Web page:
BMJ (online) 01/2011; 343:d6612. · 17.22 Impact Factor
  • Source
    [Show abstract] [Hide abstract]
    ABSTRACT: Among patients with acute myocardial infarction (AMI), depression is both common and underrecognized. The association of different manifestations of depression, somatic and cognitive, with depression recognition and long-term prognosis is poorly understood. Depression was confirmed in 481 AMI patients enrolled from 21 sites during their index hospitalization with a Patient Health Questionnaire (PHQ-9) score > or =10. Within the PHQ-9, separate somatic and cognitive symptom scores were derived, and the independent association between these domains and the clinical recognition of depression, as documented in the medical records, was evaluated. In a separate multisite AMI registry of 2347 patients, the association between somatic and cognitive depressive symptoms and 4-year all-cause mortality and 1-year all-cause rehospitalization was evaluated. Depression was clinically recognized in 29% (n=140) of patients. Cognitive depressive symptoms (relative risk per SD increase, 1.14; 95% CI, 1.03 to 1.26; P=0.01) were independently associated with depression recognition, whereas the association for somatic symptoms and recognition (relative risk, 1.04; 95% CI, 0.87 to 1.26; P=0.66) was not significant. However, unadjusted Cox regression analyses found that only somatic depressive symptoms were associated with 4-year mortality (hazard ratio [HR] per SD increase, 1.22; 95% CI, 1.08 to 1.39) or 1-year rehospitalization (HR, 1.22; 95% CI, 1.11 to 1.33), whereas cognitive manifestations were not (HR for mortality, 1.01; 95% CI, 0.89 to 1.14; HR for rehospitalization, 1.01; 95% CI, 0.93 to 1.11). After multivariable adjustment, the association between somatic symptoms and rehospitalization persisted (HR, 1.16; 95% CI, 1.06 to 1.27; P=0.01) but was attenuated for mortality (HR, 1.07; 95% CI, 0.94 to 1.21; P=0.30). Depression after AMI was recognized in fewer than 1 in 3 patients. Although cognitive symptoms were associated with recognition of depression, somatic symptoms were associated with long-term outcomes. Comprehensive screening and treatment of both somatic and cognitive symptoms may be necessary to optimize depression recognition and treatment in AMI patients.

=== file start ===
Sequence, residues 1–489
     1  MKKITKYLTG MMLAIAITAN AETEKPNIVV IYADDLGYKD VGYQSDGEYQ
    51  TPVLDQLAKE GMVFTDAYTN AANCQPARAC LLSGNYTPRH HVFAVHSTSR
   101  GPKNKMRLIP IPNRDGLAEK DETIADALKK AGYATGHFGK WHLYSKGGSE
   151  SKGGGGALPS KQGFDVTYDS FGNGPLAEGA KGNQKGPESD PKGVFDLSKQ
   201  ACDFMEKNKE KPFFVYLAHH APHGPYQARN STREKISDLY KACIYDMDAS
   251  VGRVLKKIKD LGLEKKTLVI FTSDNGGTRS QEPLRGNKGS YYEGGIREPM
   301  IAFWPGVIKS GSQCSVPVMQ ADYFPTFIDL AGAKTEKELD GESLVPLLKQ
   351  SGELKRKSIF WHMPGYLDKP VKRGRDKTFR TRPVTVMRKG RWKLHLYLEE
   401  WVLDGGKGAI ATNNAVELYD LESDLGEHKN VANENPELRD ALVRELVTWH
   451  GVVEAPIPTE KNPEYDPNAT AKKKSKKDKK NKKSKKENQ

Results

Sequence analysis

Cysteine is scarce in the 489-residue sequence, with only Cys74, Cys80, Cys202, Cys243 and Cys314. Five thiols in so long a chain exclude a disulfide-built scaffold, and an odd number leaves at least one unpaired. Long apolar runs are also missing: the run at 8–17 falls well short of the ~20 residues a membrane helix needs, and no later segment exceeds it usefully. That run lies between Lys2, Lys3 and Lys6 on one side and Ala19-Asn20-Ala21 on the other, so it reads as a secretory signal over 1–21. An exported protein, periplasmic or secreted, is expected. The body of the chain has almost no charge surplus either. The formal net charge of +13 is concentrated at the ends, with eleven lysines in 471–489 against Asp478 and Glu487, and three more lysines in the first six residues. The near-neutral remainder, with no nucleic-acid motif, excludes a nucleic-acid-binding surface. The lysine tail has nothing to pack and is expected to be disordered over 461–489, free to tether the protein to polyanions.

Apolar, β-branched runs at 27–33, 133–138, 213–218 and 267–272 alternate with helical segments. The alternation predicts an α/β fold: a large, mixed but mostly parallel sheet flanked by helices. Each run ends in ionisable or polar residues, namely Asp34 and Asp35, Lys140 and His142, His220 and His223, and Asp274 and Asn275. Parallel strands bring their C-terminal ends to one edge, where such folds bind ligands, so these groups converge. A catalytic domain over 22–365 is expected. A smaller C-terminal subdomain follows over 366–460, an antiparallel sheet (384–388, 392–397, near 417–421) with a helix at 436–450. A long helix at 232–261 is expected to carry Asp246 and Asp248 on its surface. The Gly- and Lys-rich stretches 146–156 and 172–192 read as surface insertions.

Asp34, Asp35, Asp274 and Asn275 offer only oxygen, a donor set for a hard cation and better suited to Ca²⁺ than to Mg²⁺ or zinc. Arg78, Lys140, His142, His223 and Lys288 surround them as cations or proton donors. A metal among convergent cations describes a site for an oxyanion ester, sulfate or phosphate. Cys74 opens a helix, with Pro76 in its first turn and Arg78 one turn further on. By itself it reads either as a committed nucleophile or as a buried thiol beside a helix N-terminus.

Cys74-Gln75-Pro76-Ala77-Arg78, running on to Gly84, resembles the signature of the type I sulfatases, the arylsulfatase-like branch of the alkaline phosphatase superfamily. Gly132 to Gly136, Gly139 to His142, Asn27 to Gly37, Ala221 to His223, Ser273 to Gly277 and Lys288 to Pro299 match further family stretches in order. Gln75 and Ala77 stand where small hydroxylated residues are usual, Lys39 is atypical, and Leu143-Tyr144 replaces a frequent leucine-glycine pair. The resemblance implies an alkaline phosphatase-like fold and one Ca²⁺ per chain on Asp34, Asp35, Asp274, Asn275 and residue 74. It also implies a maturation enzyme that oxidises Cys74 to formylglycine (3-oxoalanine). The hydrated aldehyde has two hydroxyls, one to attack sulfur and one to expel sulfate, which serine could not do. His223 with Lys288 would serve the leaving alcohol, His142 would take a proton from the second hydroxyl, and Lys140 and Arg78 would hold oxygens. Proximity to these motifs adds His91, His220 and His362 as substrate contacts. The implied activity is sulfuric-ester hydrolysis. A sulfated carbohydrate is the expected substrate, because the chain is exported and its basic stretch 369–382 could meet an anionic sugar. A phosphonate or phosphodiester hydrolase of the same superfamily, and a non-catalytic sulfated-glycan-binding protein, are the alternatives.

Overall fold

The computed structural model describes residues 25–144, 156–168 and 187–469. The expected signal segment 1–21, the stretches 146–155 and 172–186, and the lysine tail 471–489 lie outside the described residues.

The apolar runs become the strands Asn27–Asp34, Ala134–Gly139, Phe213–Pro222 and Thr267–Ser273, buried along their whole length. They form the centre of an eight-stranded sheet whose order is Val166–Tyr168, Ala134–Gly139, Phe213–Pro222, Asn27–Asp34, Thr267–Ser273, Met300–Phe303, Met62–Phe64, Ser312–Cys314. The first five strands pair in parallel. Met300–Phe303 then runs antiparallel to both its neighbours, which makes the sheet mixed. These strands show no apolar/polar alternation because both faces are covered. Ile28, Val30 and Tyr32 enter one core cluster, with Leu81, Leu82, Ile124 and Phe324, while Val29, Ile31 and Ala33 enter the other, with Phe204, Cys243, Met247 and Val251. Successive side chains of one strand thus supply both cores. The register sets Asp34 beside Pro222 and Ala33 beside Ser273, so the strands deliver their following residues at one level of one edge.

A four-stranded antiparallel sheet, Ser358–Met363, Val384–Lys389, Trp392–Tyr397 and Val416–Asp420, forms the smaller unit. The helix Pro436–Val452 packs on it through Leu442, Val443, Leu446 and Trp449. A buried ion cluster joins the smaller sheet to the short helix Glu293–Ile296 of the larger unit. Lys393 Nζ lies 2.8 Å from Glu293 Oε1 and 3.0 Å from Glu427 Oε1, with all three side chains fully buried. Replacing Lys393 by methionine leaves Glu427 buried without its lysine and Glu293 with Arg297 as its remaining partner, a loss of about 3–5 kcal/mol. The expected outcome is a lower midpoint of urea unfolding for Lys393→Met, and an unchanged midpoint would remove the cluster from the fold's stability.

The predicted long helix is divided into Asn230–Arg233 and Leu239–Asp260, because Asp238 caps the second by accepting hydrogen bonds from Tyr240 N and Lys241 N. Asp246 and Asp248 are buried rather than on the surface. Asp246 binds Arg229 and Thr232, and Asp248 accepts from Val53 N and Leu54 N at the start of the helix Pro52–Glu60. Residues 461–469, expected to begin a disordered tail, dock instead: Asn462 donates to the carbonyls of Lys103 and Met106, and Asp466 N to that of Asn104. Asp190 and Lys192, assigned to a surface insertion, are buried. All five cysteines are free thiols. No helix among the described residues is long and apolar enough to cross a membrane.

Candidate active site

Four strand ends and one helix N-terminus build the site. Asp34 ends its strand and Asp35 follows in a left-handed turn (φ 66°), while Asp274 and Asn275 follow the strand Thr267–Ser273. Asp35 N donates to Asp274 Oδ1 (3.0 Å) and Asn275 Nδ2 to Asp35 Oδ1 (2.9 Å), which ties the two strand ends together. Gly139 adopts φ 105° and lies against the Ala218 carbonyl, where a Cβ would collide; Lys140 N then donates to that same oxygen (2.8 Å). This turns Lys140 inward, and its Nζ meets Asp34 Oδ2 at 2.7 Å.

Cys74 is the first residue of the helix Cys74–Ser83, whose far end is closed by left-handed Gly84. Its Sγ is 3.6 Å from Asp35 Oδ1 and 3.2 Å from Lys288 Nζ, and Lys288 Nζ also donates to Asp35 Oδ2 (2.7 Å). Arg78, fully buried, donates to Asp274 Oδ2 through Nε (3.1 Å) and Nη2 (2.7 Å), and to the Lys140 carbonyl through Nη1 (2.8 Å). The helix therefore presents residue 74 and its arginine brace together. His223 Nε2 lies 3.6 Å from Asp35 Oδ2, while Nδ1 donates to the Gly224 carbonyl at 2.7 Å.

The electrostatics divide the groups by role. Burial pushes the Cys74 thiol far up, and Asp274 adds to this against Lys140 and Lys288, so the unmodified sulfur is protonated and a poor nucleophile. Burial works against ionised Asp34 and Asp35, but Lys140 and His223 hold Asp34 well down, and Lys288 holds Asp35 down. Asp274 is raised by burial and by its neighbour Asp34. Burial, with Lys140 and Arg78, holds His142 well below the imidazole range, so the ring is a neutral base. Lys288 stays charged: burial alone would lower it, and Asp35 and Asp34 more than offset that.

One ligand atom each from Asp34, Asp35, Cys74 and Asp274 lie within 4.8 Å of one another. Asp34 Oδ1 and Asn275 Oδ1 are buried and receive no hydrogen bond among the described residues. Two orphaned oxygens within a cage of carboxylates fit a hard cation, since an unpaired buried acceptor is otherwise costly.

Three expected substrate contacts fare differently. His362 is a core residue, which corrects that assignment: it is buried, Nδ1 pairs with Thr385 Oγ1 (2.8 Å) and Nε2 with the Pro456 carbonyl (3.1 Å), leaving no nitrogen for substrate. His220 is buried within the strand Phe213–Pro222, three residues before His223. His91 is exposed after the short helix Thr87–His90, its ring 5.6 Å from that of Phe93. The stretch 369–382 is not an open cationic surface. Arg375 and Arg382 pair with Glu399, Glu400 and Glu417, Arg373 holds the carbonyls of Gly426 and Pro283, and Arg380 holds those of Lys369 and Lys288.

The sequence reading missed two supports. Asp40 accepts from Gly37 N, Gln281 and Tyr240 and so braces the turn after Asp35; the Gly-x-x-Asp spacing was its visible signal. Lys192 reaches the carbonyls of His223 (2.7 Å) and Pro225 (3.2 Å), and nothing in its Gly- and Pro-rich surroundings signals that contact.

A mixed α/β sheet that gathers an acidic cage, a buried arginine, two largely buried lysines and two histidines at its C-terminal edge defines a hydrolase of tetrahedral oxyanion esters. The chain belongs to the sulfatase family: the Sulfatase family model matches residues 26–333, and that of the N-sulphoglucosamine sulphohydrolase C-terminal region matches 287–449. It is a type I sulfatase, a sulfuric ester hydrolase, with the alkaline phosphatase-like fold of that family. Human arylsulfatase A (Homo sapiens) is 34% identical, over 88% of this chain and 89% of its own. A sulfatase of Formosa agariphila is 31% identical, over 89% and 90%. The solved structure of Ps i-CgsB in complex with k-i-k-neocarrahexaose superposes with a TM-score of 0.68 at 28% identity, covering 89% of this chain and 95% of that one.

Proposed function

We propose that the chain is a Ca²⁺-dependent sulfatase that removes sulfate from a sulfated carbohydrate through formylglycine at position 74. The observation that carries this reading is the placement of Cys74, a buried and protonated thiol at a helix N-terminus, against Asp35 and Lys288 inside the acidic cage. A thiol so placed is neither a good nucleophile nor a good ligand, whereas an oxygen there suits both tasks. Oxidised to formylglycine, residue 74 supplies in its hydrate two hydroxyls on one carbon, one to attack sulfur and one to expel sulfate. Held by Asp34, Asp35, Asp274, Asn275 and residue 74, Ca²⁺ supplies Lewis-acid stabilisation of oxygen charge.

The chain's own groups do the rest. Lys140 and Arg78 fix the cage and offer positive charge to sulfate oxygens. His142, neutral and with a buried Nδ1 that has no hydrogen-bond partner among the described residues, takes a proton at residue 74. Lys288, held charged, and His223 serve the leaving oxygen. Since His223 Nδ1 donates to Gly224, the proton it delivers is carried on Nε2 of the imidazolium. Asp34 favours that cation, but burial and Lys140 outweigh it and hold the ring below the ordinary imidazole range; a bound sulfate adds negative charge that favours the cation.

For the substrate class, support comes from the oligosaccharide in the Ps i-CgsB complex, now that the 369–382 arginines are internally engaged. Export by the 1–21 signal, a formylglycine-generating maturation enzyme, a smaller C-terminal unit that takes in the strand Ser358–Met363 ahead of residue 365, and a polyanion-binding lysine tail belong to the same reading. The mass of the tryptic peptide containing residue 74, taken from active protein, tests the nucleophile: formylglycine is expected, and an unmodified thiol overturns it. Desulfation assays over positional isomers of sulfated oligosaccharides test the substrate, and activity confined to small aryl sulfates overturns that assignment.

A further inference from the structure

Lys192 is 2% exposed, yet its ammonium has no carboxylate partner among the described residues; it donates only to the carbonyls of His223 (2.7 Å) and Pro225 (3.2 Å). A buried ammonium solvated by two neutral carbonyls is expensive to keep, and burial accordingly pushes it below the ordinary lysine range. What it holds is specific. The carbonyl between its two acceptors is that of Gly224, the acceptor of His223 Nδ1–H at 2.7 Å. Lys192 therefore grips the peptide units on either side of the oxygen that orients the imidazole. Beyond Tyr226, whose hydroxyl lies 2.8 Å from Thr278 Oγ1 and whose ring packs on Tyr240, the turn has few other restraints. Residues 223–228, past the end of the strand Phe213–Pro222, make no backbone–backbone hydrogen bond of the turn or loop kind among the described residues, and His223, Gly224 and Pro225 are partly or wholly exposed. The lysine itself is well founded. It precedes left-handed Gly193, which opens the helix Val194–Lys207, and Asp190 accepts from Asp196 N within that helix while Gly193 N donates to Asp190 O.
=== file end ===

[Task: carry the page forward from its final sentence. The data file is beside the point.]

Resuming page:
Circulation Cardiovascular Quality and Outcomes 07/2009; 2(4):328-37. · 5.66 Impact Factor
  • [Show abstract] [Hide abstract]
    ABSTRACT: Among patients with cardiovascular disease (CVD), depression is highly prevalent and is associated with worse cardiovascular prognosis and lower quality of life. Treatments for depression in CVD patients produce modest, but clinically significant reductions in depressive symptoms and show promise for improving cardiovascular prognosis. While tricyclics should generally be avoided, antidepressants from multiple other classes appear to be safe in cardiac patients. A strategy of engaging patients in choosing medications or psychotherapy and then intensifying treatment to therapeutic goal appears to be more effective at reducing depression than single mode interventions. Recommendations for screening all CVD patients for depression may be premature given increased costs associated with screening and gaps in knowledge about the risk-benefit ratio of depression treatment in mild and moderately depressed patients.
    Dialogues in Cardiovascular Medicine 01/2012; 17(2):126-133.

Full-text (3 Sources)

Available from
May 31, 2014